While American President Donald Trump wages war with Iran, the U.S. Federal Reserve has continued to inject fresh capital into the hands of private banks by giving them $100 billion in overnight and 14-day repos on Tuesday. The same day, Rabobank strategist Philip Marey predicted the central bank will reduce interest rates to zero in 2020. Additionally, former Fed researchers believe the central bank needs to create a “standing repo facility” so private financial institutions can convert securities into fresh fiat reserves.
Following Soleimani’s funeral, Iran launched a few missiles which further escalated tensions between the two countries. Meanwhile, as people pay attention to war games, the U.S. Federal Reserve has been stimulating a wide variety of private banks’ liquidity like there’s no tomorrow. Every time emergency repo operations take place, the New York Fed cites a significant demand for liquidity and a lack of cash reserves. Private banks and bond dealers have continued to pledge their treasuries as collateral for cash nearly every few days for the last four months.
On January 7, the Fed pumped close to $100 billion into the hands of smaller financial institutions by leveraging $63.9 billion in overnight repos and $35 billion for 14-day repos. So far, since September 2019, the Fed has managed to stimulate private banks with trillions by using repo processes and slashing interest rates with a number of monetary easing practices. The Fed is not the only central bank playing the fiat roulette game, as a majority of global central planners are following the Fed’s patterns. Since the first week of November 2019, more than 37 central banks worldwide participated in stimulus and easing schemes. The Fed has cut interest rates a few times since September, but now the entity acts as if it’s reluctant to cut rates again. However, Rabobank executive Philip Marey believes the Fed will drop the interest rate hammer to zero by the year’s end.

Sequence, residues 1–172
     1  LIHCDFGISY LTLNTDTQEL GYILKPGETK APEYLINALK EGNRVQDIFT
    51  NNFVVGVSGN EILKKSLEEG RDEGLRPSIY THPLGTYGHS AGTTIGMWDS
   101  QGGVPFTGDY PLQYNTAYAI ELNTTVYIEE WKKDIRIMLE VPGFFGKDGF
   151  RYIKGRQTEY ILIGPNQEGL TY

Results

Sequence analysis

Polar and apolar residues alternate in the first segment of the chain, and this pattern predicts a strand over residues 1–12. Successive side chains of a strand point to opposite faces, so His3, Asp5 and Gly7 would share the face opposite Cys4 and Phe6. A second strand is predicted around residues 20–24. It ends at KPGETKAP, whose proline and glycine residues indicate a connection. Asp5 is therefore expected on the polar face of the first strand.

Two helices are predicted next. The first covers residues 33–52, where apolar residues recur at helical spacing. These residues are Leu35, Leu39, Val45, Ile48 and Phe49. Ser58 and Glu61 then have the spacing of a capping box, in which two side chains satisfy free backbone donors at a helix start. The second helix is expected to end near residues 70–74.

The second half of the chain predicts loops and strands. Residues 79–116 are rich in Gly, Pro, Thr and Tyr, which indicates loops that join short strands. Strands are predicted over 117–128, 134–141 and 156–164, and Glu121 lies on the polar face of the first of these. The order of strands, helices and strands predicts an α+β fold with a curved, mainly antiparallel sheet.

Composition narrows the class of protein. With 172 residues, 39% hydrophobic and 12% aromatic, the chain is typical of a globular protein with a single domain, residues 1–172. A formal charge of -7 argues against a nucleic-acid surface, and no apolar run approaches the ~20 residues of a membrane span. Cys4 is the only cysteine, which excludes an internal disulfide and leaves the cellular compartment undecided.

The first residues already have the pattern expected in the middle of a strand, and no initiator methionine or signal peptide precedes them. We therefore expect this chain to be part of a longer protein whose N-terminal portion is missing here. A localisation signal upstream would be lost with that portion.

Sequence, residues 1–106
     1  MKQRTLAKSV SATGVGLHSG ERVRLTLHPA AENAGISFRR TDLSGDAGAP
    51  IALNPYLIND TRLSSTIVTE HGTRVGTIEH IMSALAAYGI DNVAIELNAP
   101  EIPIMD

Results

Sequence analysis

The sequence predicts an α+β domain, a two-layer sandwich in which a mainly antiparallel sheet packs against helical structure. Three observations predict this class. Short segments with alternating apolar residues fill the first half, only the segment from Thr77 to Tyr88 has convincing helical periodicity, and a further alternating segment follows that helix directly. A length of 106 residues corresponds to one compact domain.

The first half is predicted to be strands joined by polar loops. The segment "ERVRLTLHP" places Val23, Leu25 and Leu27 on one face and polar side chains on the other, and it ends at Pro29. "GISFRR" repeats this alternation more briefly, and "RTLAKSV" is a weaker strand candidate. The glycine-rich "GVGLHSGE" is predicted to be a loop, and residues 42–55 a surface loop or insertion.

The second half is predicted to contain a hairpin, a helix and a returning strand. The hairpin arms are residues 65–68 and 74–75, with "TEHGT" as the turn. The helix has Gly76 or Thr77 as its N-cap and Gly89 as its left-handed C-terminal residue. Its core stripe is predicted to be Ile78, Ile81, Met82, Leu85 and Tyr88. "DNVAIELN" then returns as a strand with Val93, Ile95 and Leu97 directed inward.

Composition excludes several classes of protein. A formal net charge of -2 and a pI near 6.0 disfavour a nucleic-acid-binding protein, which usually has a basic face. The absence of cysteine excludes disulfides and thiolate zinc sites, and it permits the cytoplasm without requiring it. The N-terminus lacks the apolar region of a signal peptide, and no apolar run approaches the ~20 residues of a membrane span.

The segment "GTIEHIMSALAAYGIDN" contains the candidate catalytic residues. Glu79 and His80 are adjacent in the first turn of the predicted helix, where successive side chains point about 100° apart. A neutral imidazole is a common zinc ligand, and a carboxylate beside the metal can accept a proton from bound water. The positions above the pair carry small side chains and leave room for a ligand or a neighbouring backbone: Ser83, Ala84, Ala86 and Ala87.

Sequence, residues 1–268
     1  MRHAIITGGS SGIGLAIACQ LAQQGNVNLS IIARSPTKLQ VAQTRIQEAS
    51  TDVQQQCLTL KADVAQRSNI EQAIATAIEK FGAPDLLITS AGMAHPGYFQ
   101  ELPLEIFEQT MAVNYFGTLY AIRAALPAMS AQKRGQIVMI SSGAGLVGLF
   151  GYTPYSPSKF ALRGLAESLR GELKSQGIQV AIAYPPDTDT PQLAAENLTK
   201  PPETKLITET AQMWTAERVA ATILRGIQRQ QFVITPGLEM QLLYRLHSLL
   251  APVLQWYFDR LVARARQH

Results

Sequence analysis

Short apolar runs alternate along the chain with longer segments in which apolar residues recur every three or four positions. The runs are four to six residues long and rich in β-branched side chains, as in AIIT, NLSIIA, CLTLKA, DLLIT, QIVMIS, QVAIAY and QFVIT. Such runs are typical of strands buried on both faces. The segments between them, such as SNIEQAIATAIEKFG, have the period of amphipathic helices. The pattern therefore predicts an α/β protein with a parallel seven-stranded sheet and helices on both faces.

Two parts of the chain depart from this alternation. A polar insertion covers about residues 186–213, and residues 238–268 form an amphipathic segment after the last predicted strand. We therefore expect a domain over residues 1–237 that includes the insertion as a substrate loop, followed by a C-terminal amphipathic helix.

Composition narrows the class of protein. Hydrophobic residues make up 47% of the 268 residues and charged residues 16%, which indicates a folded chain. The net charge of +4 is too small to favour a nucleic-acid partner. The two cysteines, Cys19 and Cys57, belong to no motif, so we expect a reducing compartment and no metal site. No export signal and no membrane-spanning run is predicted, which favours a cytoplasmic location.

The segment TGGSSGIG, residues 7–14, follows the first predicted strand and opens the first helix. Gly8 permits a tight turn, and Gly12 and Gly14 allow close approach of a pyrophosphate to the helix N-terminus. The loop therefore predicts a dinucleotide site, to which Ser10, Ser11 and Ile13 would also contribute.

Moreover, members of the Fed believe the monthly schedule of repos is not enough to appease the lagging U.S. economy.
Creating a Standing Repo Facility So Banks Can Convert Securities for Cash
During the last quarter of 2019, it was quite noticeable that the Fed increased monetary interventions a great deal. During a meeting held on December 10 and 11, Fed officials discussed the implementation of a standing repo facility. The facility would be another arm of the U.S. monetary system by allowing banks and bond dealers to swap securities for cash whenever they are in need. “Among the topics mentioned was the potential role of a standing repo facility in an ample-reserves regime, the setting of administered rates, and the composition of the Federal Reserve’s holdings of Treasury securities over the longer run,” explains the Federal Open Market Committee’s transcript. Because a standing repo facility is non-existent, the Fed announces repo offerings every month so dealers can get advance notice.
Following the Fed discussion about a standing repo facility, former New York Fed chair William Dudley also wrote about the subject in an opinion column. Dudley’s editorial basically says the Fed needs to galvanize a monetary easing scheme in the form of a standing repo. The essay noted that the autumn rate spike “reflects the difficulty in forecasting the demand for reserves given the changes.” Dudley stressed: "[The Fed] should create a standing repo facility that is open to a broad set of counterparties confined to Treasury and agency mortgage-backed securities collateral. Such a facility would effectively cap repo rates. It would also address the potential problem of the Fed providing liquidity to primary dealers but primary dealers not lending the funds to other market participants that might need short-term repo financing".